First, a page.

“We invest in junior preferred securities from top-quality Canadian issuers, which are not included in the Canadian index but offer excellent compensation. Diversification outside of Canada is crucial due to the Canadian bond market's limited scope. The US market provides access to sectors like aerospace and defense, engineering and construction, technology, and pharmaceuticals, which are not available in Canada.

“Our portfolio typically has about 25% in US dollar-denominated bonds, but only 10% exposure to non-Canadian currencies after hedging. Currently, we favor the US dollar as a natural hedge for the Canadian economy.”

Looking at FHIS specifically, the fund has consistently outperformed its benchmark[2]. Whether over the short term (one, three, and six months) or from inception to one year, the fund shows consistent outperformance, generating alpha through active management. This demonstrates consistent outperformance both in the short term and the long term.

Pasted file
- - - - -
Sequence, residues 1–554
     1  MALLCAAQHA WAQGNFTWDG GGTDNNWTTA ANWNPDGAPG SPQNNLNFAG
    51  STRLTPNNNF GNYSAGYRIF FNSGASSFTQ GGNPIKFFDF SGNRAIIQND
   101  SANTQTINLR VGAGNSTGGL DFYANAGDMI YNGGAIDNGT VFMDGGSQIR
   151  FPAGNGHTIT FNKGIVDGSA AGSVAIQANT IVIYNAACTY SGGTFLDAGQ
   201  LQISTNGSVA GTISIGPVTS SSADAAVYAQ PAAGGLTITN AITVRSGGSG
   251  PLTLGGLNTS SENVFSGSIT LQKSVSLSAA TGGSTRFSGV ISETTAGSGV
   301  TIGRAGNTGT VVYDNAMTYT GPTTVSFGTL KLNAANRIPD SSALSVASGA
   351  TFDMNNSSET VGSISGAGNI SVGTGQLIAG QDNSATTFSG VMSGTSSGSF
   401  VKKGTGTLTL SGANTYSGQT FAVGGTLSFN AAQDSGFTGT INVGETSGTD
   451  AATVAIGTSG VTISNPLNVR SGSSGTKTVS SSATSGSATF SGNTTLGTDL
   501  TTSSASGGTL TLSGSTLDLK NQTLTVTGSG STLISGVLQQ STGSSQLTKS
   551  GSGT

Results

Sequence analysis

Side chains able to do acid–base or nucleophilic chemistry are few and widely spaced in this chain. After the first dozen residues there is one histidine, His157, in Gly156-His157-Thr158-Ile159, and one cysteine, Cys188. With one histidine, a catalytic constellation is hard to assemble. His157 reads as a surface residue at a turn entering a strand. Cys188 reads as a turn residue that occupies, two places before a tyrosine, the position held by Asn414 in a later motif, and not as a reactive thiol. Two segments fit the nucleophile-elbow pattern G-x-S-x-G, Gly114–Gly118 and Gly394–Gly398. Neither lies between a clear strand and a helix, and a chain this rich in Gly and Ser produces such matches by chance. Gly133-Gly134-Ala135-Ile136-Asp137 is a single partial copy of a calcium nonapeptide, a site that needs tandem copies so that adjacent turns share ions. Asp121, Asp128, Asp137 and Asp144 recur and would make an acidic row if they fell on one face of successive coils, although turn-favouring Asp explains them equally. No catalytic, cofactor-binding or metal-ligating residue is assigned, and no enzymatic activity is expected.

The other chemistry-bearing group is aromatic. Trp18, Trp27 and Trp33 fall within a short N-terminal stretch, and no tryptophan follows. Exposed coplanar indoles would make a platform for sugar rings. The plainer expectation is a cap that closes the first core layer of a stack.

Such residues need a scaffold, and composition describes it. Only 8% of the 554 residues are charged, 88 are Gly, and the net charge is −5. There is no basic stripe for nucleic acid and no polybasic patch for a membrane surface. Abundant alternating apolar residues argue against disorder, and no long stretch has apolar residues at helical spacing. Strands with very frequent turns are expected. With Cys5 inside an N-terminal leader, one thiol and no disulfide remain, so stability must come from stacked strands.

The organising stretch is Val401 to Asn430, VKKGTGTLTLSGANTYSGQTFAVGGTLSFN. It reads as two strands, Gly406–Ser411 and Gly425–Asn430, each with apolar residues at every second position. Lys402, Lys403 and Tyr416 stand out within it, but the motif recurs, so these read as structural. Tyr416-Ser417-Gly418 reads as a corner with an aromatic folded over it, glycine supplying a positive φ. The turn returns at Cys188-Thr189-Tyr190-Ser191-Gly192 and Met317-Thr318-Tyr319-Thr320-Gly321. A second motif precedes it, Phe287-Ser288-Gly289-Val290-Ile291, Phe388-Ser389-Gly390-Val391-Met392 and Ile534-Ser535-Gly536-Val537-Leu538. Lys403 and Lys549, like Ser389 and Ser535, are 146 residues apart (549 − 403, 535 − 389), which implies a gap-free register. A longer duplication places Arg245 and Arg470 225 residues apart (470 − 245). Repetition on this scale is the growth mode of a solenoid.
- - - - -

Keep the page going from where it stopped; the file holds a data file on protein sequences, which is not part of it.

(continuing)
Important Legal Information
This material is intended to be of general interest only and should not be construed as individual investment advice or a recommendation or solicitation to buy, sell or hold any security or to adopt any investment strategy. It does not constitute legal or tax advice.

The views expressed are those of the investment manager and the comments, opinions and analyses are rendered as at publication date and may change without notice. The information provided in this material is not intended as a complete analysis of every material fact regarding any country, region or market.

Commissions, trailing commissions, management fees, brokerage fees and expenses may be associated with investments in mutual funds and ETFs. Please read the prospectus and fund fact/ETF facts document before investing. Mutual funds and ETFs are not guaranteed. Their values change frequently. Past performance may not be repeated.

Franklin Templeton Canada is a business name used by Franklin Templeton Investments Corp.

[1] As of April 2024

[2] As of April 30, 2024